By Harland Stewart
The Oxford High School football team brings a different excitement to the community that can’t be explained – just felt. Their recent success over the years can not be denied, even amid the transition of moving up a division from 5A to 6A competition.
Chris Cutcliffe, head coach of the blue and gold, plays a huge role in bringing excitement and success to the town. His father, David Cutcliffe, is a former head coach of the Ole Miss Rebels and current head coach of the Duke Blue Devils. Today, Cutcliffe credits his father for inspiring him to coach and his mother for giving him the inspiration to be a teacher.
“As long as I can remember I wanted to coach football,” Cutcliffe said.
During the time David was head coach of Ole Miss, Chris was the quarterback at Oxford High School. They made their history as the first Charger team to make an appearance in the state competition.
“I think that Oxford has been a great program for a long time. I think this team, what sets it apart is a really big, really great senior class,” Cutcliffe said. “We’ve had some others of those come through over the years, but this is a really strong senior class with really great senior leadership and I think it has made a big difference for our team this year.”
Wins, bragging rights, being around the sport—these are some reasons many coaches go into the profession. However, Cutcliffe said he’s driven by a different agenda.
“My favorite thing about being a coach is the relationships that you build in football,” he said. “You know you spend a lot of time together, with the players and with other coaches, and go through a lot of hard work together. So you really have a tight bond as a team.”
That tight bond and success the Chargers share are developed through hard work on and off the field. Hard work could be in a classroom, in the game, in practice, during film sessions, or in workouts. There is only so much a head coach can manage and accomplish in a short time. Cutcliffe said its all a team effort.
“We give our coaches Saturday off, but most of us spend a good bit of time watching film from home,” Cutcliffe said. “We meet on Sundays to try to make sure we are on the same page so when we see our players, beginning on Monday afternoon, we are able to all relay the message to our position groups. Everybody kind of knows exactly what the plan is and everybody is on the page so we have a chance to be successful.”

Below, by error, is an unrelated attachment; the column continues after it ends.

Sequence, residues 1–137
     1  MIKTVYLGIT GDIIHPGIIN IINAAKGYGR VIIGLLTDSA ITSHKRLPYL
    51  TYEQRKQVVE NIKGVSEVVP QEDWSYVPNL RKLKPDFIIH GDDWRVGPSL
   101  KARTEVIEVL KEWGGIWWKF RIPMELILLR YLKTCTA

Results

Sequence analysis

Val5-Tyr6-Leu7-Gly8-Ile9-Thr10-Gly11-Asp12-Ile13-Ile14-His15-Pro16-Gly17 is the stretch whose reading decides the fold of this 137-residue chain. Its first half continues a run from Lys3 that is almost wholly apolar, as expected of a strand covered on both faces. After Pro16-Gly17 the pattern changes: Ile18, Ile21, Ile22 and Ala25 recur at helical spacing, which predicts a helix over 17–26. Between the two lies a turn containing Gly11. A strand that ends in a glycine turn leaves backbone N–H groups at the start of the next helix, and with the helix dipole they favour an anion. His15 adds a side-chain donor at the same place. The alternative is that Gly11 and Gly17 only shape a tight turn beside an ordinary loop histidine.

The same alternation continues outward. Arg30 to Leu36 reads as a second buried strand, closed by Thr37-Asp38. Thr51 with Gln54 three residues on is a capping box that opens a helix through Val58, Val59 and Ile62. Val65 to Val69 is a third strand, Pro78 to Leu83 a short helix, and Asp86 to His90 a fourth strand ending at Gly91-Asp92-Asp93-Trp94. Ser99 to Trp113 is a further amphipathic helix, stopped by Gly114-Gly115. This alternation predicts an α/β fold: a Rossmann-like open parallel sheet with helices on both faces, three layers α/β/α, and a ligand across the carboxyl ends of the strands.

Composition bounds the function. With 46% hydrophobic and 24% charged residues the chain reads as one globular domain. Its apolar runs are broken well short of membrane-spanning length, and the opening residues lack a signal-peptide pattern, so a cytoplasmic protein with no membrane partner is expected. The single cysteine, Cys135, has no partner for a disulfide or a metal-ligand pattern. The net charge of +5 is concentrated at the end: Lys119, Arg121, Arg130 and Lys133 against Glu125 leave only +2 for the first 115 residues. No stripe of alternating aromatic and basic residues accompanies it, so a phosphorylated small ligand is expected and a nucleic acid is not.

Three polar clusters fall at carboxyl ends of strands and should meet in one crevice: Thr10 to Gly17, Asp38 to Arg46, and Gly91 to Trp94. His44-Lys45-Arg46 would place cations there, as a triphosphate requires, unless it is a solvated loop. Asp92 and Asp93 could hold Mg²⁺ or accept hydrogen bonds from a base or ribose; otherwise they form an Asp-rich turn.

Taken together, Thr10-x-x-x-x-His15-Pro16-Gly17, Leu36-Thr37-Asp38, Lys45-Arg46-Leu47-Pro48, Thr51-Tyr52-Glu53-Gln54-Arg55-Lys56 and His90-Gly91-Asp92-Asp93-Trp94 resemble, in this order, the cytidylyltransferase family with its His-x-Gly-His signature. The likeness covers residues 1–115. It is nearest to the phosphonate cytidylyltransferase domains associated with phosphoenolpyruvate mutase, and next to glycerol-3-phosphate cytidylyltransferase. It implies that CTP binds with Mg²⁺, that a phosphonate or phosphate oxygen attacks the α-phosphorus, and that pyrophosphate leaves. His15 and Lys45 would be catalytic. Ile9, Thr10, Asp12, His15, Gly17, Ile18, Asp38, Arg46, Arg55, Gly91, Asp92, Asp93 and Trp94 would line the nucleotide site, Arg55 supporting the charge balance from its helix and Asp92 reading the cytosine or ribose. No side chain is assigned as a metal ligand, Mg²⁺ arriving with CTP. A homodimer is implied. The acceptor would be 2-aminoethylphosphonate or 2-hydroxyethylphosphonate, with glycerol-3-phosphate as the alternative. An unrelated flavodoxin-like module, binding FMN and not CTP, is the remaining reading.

Cutcliffe builds a consistent structure that entails an increasingly popular ideology that began in college football. The idea was first made popular by former head football coach Chip Kelly at Oregon.
“Two days before your game is your lightest walkthrough practice day, and then we actually run full speed and do a full-speed work the day before the game,” Cutcliffe said. “I think our guys kind of thrive on routine and knowing what to expect. We don’t practice that long. A long day for us would be a two-hour practice. But when we are on the field, we are moving and going, getting a lot of work in.”
Colton Skidmore is a former athlete who played under Cutcliffe in high school. After playing college ball, Skidmore came back home to coach alongside Cutcliffe.
“I’ll say this to anybody,” Skidmore said. “Coach Cutcliffe is the best football coach in the state of Mississippi for a few reasons. The first reason – he knows his football. He is an offensive mastermind and can draw up plays all day long. I’ve learned a lot of football from him. But also, I think that the biggest thing I’ve learned from him is how to handle and teach kids things that don’t just apply to football.”
Assistant coaches and players all attest that Cutcliffe has a positive influence on young athletes and future leaders. Much of that came from being immersed in the sport and in Charger football for most of his life. Despite that, this year’s team in particular has inspired him in the same way.
“I think that maybe with this team, in particular, just the selflessness of our players makes a huge impact on me,” Cutcliffe said. “I see so many guys that are just committed to the team and to the group, and I think that is becoming more and more of a rarity in our society today. There is so little selfish and so little ego with our players. Just seeing them buy into that idea and really lay it on the line for each other is a really cool thing to see and be a part of.”
In December of 2019, the Oxford Chargers climbed the 6A finals ladder to bring home the state championship trophy. The honor marks their first state championship in school history.